This fact sheet will cover a series of important topics about defibrillators.
- Cardiac arrest or heart attack? When to use a defibrillator
- What is defibrillation?
- What is a defibrillator?
- How does a defibrillator work?
- What to do in an emergency
- How to use a defibrillator
- Defibrillator training
- Hands-only CPR
They’re not the same thing. A cardiac arrest happens when the heart loses its natural rhythm and therefore its ability to pump blood around the body. Instead of beating normally it just quivers or ‘fibrillates’. What’s happening is called ventricular fibrillation, and is a life-threatening condition requiring fast and decisive action. A person suffering cardiac arrest will be unconscious, and will have stopped breathing normally. A heart attack sufferer will be conscious and breathing, unless the attack leads to cardiac arrest.
Defibrillation is the name given to the process of switching the heart from quivering or ‘fibrillating’ to its normal rhythm, using a controlled electric shock.
A medical device used to deliver the required electric shock to restore a normal heart rhythm in a cardiac arrest sufferer. They are also called AEDs, which stands for Automated External Defibrillator, and are increasingly common in business premises, schools, colleges and other public buildings. Two types are available. Automatic defibrillators will check the heart rhythm and deliver the electric shock themselves, and semi-automatic defibrillators will check the rhythm and instruct someone else to deliver the shock at the right moment.
Defibrillators look for and deliver (or instruct someone else to deliver) an electric shock to the heart through the sufferer’s chest wall. They are battery powered and portable. The battery life, if the machine is not used, can be up to five years. The device will check itself on a daily basis, and use flashing lights or a noise to show it’s not ready to use in an emergency.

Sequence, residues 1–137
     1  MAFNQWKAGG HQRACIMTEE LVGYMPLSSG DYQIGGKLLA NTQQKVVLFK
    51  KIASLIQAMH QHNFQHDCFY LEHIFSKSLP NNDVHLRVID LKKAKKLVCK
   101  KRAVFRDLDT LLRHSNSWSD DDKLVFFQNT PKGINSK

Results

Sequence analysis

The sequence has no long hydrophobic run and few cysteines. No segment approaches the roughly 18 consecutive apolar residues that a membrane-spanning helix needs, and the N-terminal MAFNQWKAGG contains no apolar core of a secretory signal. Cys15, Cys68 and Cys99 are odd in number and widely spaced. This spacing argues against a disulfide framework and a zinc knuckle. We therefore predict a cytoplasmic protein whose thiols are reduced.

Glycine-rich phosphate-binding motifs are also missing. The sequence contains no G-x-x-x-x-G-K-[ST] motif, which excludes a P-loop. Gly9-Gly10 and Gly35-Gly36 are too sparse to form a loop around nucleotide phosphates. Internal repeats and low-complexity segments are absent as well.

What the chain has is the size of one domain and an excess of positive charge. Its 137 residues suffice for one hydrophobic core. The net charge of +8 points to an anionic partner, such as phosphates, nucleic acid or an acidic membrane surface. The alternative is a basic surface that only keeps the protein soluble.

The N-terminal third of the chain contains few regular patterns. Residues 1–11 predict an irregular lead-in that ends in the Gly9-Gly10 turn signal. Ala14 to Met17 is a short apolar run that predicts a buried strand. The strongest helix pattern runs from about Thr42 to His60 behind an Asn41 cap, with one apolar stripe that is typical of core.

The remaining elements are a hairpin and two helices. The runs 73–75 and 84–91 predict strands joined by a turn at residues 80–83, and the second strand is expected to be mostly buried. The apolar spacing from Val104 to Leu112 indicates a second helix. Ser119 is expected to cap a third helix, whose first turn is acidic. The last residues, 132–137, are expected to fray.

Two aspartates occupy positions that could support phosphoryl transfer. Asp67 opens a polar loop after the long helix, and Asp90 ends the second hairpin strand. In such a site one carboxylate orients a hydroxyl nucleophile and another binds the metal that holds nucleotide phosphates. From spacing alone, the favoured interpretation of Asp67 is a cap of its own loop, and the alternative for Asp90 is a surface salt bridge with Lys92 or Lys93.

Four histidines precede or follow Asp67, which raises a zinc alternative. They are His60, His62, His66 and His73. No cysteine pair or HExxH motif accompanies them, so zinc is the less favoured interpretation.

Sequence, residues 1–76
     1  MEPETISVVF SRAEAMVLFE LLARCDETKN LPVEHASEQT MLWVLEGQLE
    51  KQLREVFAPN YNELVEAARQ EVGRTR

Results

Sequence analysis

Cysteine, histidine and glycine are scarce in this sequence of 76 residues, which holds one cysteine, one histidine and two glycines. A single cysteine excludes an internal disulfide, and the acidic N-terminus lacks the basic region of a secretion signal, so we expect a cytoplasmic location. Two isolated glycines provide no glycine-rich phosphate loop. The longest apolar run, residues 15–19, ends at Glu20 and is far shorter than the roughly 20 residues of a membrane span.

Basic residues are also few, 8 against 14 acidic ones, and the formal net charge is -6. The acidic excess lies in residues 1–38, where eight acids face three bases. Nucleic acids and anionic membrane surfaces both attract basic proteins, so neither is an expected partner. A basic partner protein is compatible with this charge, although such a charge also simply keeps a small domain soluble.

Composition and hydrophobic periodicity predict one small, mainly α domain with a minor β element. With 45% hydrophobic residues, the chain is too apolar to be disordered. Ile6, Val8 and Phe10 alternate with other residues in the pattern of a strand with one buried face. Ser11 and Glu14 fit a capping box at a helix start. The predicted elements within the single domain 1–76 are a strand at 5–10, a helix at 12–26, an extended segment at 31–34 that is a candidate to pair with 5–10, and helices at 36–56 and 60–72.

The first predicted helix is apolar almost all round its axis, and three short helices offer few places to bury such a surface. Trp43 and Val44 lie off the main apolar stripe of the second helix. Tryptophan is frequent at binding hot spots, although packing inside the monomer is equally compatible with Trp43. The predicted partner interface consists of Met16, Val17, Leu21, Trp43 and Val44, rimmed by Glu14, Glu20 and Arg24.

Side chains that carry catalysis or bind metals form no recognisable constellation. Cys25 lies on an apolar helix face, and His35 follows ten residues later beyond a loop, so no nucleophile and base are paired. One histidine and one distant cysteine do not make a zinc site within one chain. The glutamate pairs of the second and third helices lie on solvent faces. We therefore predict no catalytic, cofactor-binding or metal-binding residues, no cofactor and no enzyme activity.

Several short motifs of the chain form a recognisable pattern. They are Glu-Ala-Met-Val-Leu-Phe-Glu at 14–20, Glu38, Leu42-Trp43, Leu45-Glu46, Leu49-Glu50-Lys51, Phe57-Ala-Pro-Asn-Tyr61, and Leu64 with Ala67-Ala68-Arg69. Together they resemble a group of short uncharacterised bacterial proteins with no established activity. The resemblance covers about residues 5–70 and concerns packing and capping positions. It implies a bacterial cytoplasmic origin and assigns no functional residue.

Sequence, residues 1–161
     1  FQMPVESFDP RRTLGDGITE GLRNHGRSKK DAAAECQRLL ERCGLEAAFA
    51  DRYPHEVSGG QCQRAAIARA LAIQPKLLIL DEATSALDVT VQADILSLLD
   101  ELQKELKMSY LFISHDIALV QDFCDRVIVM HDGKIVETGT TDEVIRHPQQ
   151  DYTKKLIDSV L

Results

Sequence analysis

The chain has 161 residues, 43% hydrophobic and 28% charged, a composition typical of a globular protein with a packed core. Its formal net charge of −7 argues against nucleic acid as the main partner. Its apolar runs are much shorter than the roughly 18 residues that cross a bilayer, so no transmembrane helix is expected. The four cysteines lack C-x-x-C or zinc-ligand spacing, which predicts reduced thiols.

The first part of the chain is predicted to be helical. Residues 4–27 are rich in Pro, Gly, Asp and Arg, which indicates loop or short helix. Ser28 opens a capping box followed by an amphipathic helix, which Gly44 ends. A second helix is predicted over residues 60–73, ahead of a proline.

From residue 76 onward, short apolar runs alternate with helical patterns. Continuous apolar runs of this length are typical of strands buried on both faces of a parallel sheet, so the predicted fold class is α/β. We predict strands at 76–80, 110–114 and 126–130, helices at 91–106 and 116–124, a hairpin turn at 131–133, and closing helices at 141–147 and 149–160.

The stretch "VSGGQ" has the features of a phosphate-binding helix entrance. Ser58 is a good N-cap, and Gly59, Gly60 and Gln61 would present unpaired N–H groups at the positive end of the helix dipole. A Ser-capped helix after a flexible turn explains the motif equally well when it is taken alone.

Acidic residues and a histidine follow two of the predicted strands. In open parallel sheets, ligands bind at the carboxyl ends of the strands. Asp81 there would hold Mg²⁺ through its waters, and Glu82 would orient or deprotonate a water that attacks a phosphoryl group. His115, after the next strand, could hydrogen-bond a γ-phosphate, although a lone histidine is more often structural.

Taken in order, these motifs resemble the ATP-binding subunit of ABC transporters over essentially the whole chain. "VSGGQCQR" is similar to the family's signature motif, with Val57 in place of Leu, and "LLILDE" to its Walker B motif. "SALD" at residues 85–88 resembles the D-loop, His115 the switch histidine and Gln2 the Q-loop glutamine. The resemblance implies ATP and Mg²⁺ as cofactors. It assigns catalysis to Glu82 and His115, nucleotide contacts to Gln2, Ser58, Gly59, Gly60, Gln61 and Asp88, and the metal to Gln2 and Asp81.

Call 999 immediately to summon an ambulance. However, the person suffering cardiac arrest hasn’t got time to wait for the ambulance. Every minute without defibrillation or CPR (see below) reduces their chance of survival by 10%. The operator will also be able to tell you if there’s a portable defibrillator nearby. Go to get it only if someone else is doing CPR. (It’s clearly important to tell the local ambulance trust if you ‘ve installed one, so their records can be kept up to date.)
The box containing the equipment includes diagrams and instructions showing the user where to put it on the patient, and how to administer the shock, and when to use a defibrillator. Taking a course on using a defibrillator is helpful, but not essential. You could still save someone’s life.
Models from all manufacturers look different from each other, but they work in a similar manner, so a Zoll defibrillator will have exactly the same function as one from Heartstart or Lifepak. The box containing the defibrillator will contain all the necessary instructions, but a huge boost to confidence is given by attending a course first. That way, the nerves of using a defibrillator for the first time on a real patient can be controlled. Courses can be offered through a number of specialist companies or St John Ambulance.
If you’ve called 999 the operator will probably be able to tell you if there is a defibrillator nearby. Defibrillators in the workplace are now widespread, and it’s recommended that no-one should be more than two minutes away from one. However, if there isn’t one available, you’ll have to pump the blood manually until help arrives.